Proc. SPIE. 10878, Photons Plus Ultrasound: Imaging and Sensing 2019
KEYWORDS: Reconstruction algorithms, Transducers, Signal to noise ratio, Photoacoustic imaging, Computer simulations, Signal detection, Photoacoustic spectroscopy, Interference (communication), Real time imaging, Image restoration
Delay and Sum (DAS) is one of the most common beamforming algorithms for photoacoustic imaging reconstruction that can function well in real-time imaging for its simplicity and quickness. However, high sidelobes and intense artifacts usually appear in the reconstructed image using DAS algorithm. To solve this problem, a novel beamforming algorithm called Multiple Delay and Sum with Enveloping (multi-DASE) is introduced in this paper, which can suppress sidelobes and artifacts efficiently. Compared to DAS, multi-DASE beamforming algorithm calculates not only the initial beamformed signal but also the N-shaped photoacoustic signal for each pixel. Firstly, Delay and Sum is performed multiply based on time series to recover the N-shaped photoacoustic signal for each pixel in the reconstructed image. And then, the recovered signal is enveloped to transform the N-shaped wave into a pulse wave to remove the negative part of the signal. Finally, signal suppression is performed on the enveloped signal which can lead to the suppression of sidelobes and artifacts in the reconstructed image. The multi-DASE beamforming algorithm was tested on the simulated data acquired with MATLAB k-Wave Toolbox. Experiment was also conducted to evaluate the efficiency of the multiDASE algorithm for clinical application. Both in computer simulation and experiment, our multi-DASE beamforming algorithm showed great performance in removing artifacts and improving image quality. In our multi-DASE beamforming algorithm, only fundamental operations and Discrete Fourier Transform (DFT) are performed, which means it can be a promising method for real-time clinical application.
Hyperosteogeny and Osteoporosis are two common bone diseases that have a high incidence in the middle-aged and elderly groups. Mild symptoms may only affect the daily life of patients, while severe ones are life-threatening. At present, detection methods based on X-ray film and ultrasound are generally applied. However, the former exist errors introduced by manual reading and a certain radiation hazard, the diagnostic results of the latter are not that satisfying as well. Photoacoustic effect combines the advantages of optics for sensitive light absorption contrast and acoustics for lower acoustic scattering in soft tissue. As a non-ionizing and non-invasive technique, its application in biomedicine is also emerging. In this paper, a classification model built on Convolutional Neural Network (CNN) was proposed to achieve automated diagnosis of hyperosteogeny, osteoporosis and normal bone. Time-domain photoacoustic signals generated by different bone types are set as the inputs of the CNN while the output results indicate the corresponding categories of the samples. The analysis results of ex vivo data demonstrated that the established model could accurately accomplish the research of classification. Thus, the proposed method has certain auxiliary value for improving the efficiency, accuracy and objectivity of clinical diagnosis of the three bone types.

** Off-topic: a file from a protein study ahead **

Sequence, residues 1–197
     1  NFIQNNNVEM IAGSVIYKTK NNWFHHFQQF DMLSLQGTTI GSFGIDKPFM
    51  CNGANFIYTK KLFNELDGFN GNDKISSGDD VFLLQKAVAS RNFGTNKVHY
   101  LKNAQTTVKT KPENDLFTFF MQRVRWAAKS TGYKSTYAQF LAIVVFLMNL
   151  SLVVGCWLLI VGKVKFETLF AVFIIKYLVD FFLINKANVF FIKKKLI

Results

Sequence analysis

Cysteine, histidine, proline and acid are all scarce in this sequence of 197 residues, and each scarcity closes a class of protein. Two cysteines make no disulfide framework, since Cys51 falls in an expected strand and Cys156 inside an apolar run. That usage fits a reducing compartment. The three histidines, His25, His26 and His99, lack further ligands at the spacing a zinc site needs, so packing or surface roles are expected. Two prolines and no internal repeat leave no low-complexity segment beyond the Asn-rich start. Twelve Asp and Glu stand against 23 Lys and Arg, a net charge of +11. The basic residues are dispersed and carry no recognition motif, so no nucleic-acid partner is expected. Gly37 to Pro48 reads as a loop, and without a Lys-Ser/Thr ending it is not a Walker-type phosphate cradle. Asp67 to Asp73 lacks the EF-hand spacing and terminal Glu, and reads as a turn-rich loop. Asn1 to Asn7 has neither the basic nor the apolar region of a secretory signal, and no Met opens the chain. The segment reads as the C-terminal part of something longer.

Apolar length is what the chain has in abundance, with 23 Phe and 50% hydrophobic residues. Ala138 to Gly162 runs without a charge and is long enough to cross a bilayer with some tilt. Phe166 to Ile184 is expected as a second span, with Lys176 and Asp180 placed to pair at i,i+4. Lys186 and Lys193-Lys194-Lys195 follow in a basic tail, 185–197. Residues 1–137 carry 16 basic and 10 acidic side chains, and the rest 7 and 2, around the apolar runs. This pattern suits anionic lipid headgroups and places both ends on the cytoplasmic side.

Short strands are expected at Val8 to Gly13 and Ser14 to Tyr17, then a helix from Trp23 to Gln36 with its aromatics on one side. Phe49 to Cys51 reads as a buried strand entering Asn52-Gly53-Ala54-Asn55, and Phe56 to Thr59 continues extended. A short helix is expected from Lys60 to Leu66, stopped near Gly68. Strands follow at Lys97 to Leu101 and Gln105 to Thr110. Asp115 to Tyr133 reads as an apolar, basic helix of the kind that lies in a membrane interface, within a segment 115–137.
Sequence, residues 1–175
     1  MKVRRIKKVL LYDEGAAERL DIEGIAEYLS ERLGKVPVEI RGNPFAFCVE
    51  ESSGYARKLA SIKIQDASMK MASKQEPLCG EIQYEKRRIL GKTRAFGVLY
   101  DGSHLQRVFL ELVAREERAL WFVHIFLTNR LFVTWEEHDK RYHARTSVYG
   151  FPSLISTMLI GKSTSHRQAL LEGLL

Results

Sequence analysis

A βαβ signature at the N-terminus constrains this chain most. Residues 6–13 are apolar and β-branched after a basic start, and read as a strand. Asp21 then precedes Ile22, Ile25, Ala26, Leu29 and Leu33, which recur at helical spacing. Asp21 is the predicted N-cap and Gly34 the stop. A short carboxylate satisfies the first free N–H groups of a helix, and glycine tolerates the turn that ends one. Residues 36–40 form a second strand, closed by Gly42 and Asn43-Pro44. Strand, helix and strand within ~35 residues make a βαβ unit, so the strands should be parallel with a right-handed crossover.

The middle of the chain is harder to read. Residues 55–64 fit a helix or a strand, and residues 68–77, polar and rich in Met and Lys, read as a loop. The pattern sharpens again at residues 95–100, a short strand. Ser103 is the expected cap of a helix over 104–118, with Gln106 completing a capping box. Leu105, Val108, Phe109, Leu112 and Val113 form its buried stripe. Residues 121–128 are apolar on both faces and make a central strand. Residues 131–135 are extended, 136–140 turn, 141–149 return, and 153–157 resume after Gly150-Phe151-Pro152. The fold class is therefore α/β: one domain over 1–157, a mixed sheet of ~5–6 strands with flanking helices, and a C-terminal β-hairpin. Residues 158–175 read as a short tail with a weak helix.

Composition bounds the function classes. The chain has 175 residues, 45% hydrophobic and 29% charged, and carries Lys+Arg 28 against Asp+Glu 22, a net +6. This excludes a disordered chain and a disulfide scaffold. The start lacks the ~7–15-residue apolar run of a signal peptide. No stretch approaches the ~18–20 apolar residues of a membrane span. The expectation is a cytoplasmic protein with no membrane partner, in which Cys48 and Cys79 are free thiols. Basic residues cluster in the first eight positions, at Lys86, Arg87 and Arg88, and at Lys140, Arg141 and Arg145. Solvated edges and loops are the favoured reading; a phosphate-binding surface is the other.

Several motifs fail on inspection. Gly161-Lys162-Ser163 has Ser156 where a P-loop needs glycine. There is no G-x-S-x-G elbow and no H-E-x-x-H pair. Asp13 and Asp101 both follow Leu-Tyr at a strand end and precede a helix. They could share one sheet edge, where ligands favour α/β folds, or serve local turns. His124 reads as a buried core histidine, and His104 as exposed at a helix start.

Photoacoustic (PA) signal of an ideal optical absorb particle is a single N-shape wave. PA signals of a complicated biological tissue can be considered as the combination of individual N-shape waves. However, the N-shape wave basis not only complicates the subsequent work, but also results in aliasing between adjacent micro-structures, which deteriorates the quality of the final PA images. In this paper, we propose a method to improve PA image quality through signal processing method directly working on raw signals, which including deconvolution and empirical mode decomposition (EMD). During the deconvolution procedure, the raw PA signals are de-convolved with a system dependent point spread function (PSF) which is measured in advance. Then, EMD is adopted to adaptively re-shape the PA signals with two constraints, positive polarity and spectrum consistence. With our proposed method, the built PA images can yield more detail structural information. Micro-structures are clearly separated and revealed. To validate the effectiveness of this method, we present numerical simulations and phantom studies consist of a densely distributed point sources model and a blood vessel model. In the future, our study might hold the potential for clinical PA imaging as it can help to distinguish micro-structures from the optimized images and even measure the size of objects from deconvolved signals.